HRI Faculty Publish in Journal of Human Rights

Journal of human rights 2
The HRI is happy to announce new publications by members of our leadership and also of our affiliated faculty in a special issue of the Journal of Human Rights (2013, Volume 12: Issue 1).

HRI Assistant Professor in Residence Dr. Glenn Mitoma and HRI affiliated Professor at Bard College Dr. Kerry Bystrom are guest editors of an issue of the Journal of Human Rights devoted to Humanitarianism and Responsibility.

Dr. Mitoma and Dr. Bystrom also provide a full length engaging article to introduce the issue titled: ‘Humanitarianism and Responsibility’

Their article serves as an introduction to the articles in this special issue of the Journal of Human Rights on humanitarianism and responsibility. They thread the work of the contributors, along with other key scholars, together into a broader discussion about the possibilities and limitations of humanitarian responsibility. They first elaborate several constitutive dimensions of responsibility as it has been understood in humanitarian discourse, with particular attention to the way in which it has been deployed to both limit and extend the humanitarian mandate. Then they consider how the discourse of humanitarian responsibility constitutes a departure from, and a possible alternative to, the discourse of human rights as the reigning lingua franca in which ethical arguments are advanced at the global level. Ultimately, Mitoma and Bystrom contend that while renewed emphasis on responsibility is no panacea for the difficult political and ethical questions that bedevil international humanitarianism and should not displace the focus on human rights, the process of critically engaging with this term may present a valuable opportunity to rethink the pursuit of global justice as a situated and contingent engagement between the self and those distant and proximate others who are exposed to catastrophes, natural and man-made.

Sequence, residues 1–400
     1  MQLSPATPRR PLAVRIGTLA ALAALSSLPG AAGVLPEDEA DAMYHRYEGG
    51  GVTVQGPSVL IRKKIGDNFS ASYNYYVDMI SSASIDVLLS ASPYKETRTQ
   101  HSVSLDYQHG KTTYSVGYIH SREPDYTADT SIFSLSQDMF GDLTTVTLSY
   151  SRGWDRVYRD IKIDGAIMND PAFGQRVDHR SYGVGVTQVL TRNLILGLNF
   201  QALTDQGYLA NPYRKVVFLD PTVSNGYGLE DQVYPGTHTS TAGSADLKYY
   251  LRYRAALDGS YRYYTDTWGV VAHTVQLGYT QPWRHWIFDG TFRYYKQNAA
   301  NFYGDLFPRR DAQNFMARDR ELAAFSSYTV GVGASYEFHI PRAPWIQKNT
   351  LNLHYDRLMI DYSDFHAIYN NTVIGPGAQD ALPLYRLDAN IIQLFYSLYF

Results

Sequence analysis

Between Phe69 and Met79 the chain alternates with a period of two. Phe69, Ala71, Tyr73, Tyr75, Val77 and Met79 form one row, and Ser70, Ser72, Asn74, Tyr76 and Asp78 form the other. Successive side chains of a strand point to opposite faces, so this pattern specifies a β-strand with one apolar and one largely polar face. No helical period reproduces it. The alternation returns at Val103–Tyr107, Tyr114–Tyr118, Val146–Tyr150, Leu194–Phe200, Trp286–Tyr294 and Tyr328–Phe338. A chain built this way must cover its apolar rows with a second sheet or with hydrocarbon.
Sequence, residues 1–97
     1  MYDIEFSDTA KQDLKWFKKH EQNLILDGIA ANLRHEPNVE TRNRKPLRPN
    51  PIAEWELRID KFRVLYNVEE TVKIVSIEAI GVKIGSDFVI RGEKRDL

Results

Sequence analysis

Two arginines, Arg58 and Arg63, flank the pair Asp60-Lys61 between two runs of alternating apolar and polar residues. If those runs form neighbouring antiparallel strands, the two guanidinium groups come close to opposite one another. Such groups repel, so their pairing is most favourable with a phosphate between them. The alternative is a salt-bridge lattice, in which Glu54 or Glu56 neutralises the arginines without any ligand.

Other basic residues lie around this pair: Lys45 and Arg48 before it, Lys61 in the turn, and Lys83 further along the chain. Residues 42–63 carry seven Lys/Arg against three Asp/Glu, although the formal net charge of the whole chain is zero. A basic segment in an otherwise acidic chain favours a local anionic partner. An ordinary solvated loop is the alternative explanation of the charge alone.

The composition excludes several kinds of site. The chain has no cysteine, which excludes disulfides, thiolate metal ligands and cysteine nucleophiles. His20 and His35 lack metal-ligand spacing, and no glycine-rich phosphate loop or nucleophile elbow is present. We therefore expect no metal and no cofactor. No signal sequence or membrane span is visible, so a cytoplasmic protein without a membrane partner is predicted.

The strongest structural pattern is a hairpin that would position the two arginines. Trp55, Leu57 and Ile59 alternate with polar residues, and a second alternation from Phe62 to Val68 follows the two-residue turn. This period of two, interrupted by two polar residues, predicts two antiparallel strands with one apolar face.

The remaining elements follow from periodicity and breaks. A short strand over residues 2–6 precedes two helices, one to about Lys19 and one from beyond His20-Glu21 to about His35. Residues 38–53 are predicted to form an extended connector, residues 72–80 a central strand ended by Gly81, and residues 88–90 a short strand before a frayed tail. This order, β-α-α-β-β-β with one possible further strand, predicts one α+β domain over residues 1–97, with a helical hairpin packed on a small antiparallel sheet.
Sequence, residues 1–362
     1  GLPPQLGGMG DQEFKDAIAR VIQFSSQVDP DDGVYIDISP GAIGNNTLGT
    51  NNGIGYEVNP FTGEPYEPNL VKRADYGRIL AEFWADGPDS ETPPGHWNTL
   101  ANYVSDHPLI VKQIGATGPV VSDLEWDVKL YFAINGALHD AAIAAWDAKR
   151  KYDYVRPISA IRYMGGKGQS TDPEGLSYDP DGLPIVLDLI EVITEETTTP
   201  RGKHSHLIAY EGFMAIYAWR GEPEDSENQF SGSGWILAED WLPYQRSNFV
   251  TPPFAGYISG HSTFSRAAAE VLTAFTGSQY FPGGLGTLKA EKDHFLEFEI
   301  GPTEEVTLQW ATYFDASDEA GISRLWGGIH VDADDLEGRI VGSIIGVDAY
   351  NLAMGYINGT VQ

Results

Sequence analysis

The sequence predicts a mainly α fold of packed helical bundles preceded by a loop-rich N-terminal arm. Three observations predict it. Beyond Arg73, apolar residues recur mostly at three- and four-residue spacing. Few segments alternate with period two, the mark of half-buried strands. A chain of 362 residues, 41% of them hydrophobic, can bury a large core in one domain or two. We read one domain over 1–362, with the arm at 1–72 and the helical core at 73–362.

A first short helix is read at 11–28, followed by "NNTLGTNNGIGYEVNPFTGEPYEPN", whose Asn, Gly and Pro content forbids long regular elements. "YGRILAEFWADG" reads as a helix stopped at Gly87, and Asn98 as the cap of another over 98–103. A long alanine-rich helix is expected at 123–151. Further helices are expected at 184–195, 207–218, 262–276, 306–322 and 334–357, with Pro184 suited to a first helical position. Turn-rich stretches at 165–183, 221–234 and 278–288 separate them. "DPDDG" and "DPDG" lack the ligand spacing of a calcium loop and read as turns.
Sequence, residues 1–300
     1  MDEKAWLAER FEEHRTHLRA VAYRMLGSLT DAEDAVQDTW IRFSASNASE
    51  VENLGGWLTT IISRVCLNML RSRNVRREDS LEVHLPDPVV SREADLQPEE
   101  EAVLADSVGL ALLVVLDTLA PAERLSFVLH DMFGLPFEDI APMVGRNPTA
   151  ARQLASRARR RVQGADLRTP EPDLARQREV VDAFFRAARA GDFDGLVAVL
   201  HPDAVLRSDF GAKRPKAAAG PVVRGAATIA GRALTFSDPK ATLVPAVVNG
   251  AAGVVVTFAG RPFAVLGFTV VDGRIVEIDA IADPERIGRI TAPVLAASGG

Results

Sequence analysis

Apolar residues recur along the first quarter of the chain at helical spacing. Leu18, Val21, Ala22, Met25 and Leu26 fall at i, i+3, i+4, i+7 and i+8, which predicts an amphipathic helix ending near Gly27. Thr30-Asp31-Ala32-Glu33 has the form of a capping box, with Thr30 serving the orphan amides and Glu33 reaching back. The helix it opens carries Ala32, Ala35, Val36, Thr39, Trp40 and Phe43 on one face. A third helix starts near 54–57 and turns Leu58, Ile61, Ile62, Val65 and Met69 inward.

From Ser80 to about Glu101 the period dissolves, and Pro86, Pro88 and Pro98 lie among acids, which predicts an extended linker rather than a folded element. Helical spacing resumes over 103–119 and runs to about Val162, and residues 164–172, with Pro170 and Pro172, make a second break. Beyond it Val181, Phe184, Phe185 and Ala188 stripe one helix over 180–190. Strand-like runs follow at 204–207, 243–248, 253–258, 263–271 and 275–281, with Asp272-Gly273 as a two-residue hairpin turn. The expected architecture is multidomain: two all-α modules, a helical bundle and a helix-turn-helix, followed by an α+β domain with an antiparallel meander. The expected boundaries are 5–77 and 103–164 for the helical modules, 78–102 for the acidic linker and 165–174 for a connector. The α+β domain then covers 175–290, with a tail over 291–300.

Full citation: Journal of Human Rights, 12(1),(2013). Link to Journal-yet access to articles are available only when signed on to UConn Library system.

Another article for the Issue was written by HRI Co-director Emma Gilligan titled: ‘Redefining Humanitarian Intervention: The Historical Challenge of R2P’

Gilligan argues that through analyzing the various factors in R2P’s genesis and expansion as an international norm, her article contends that the office of the UN Secretary-General has provided steady backing of R2P, allowing for its ongoing consideration within the UN bureaucracy and among member states. In this respect, R2P has been able to assert itself in a meaningful way, with member states compelled to revisit the central tenets of the norm within the General Assembly and special dialogues. The office of the Secretary-General has clearly interpreted R2P as a strong and effective reinforcement of Article 1 of the UN Charter and the overall UN mandate, using the norm to more strongly anchor existing UN principles and values.

Also former HRI Visiting Gladstein Professor David P. Forsythe contributed to the issue with an article titled: ‘On Contested Concepts: Humanitarianism, Human Rights, and the Notion of Neutrality’

Full citation: Journal of Human Rights, 12(1),(2013). Link to Journal-access to articles are available only when signed on to UConn Library system.

The views expressed in our blog are not necessarily the views of the Human Rights Institute at UConn.